From the mid-to late-1920s the SAF conducted a campaign to promote the use of agricultural machinery and iron plows.[20] After the onset of the depression in 1930 the SAF began several extension campaigns to promote the cultivation of export crops, such as melons, using imported seeds, in the state of Morelos.[21] In a similar vein, the agency promoted crops that aimed to reduce imports, such as sesame or grapes.[22] By 1934 the program with imported wheat strains achieved some success by encouraging the cultivation of "Marquis" wheat in the Bajío states and "Defiance" wheat in northern Mexico, especially Sonora.[23]

To increase corn production, the Secretaría de Agricultura y Fomento organized the campaña en pro del maíz (campaign in favor of corn). This approach involved using lectures, demonstrations, radio broadcasts, and articles in the national press to convince farmers to practice seed selection based on the morphological characteristics of standing plants, to disinfect seeds with commercial products, to store them properly, and to conduct germination tests to ensure their viability. Although the agrónomos were familiar with the corn-breeding experiments conducted in the United States, they had little experience or interest in experimental research. The peasant, not the agronomist, was supposed to become the plant breeder.[24] Alongside the methods of the campaña the SAF tried to introduce U.S. hybrid corn varieties and test planted them in various parts of the country. In the mid-1920s the government considered establishing an autonomous department to carry out an intensive program to improve corn cultivation, including the development of hybrids. However, the plan was rejected, partly out of recognition that Mexico lacked sufficient trained personnel for a program of this type.[25]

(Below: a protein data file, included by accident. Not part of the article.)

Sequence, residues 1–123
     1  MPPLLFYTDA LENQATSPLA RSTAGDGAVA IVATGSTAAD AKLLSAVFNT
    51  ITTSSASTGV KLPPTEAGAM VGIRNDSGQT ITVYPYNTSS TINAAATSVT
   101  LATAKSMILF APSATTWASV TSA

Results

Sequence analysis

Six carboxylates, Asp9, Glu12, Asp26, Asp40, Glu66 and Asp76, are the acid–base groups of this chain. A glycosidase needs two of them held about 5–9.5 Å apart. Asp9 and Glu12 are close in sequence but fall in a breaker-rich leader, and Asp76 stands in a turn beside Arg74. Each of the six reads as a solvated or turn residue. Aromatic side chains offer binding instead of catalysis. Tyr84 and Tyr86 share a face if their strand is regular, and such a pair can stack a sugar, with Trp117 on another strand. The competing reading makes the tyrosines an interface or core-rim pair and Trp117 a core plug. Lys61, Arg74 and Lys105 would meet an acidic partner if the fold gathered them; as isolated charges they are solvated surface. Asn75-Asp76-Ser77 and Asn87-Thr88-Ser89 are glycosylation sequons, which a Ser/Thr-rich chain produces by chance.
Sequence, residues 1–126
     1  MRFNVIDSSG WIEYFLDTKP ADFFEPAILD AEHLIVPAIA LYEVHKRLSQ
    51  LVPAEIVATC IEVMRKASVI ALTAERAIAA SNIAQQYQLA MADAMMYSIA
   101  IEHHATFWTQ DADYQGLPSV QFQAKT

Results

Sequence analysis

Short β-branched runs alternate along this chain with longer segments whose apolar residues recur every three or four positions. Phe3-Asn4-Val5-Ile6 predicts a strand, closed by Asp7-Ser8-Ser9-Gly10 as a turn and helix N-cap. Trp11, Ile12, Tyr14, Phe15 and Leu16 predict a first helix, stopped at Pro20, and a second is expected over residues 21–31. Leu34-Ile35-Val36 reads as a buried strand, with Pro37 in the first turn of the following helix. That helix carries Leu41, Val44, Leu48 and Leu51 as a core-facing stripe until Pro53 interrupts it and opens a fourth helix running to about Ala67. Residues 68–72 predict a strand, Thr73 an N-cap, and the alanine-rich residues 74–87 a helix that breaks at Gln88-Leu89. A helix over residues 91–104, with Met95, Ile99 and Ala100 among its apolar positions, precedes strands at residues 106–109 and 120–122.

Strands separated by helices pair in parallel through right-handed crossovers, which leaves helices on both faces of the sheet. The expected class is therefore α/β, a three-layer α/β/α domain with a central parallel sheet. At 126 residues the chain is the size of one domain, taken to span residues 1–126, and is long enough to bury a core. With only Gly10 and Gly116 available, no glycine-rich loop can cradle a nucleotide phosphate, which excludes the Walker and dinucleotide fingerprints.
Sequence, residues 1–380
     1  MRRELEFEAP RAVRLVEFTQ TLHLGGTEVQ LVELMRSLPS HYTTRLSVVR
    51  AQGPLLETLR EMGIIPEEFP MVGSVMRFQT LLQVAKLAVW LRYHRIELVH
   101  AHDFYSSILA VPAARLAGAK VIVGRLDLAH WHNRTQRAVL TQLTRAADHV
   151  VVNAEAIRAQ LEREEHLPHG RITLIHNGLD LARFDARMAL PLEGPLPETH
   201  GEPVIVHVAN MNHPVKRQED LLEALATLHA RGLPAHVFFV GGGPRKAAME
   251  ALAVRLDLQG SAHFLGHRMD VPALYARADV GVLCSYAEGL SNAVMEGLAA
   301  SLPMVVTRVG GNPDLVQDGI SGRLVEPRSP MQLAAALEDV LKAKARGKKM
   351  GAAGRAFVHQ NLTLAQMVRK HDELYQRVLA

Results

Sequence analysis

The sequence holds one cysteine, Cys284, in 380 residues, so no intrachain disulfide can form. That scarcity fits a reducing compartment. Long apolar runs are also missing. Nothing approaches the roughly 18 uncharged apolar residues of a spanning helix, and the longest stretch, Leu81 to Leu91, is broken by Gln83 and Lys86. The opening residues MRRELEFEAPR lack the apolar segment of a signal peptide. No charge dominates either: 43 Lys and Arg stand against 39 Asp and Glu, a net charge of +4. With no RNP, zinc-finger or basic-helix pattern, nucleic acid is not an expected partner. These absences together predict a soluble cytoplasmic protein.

The SAF focused on extension programs and conducted relatively little


agricultural research during this period. From 1928 to the early 1930s the Comisión Nacional de Irrigación (National Irrigation Commission) operated experimentation stations in the Don Martín irrigation district, near Rodríguez, Nuevo León, and in the "President Calles" project in Pabellón, Aguascalientes, but these stations limited their work to empirical tests of native and imported crop varieties in an attempt to ascertain which performed best under local conditions. An experimentation station established on the grounds of the Escuela Nacional de Agricultura likewise confined its works to empirical tests, usually of imported crop varieties.[26]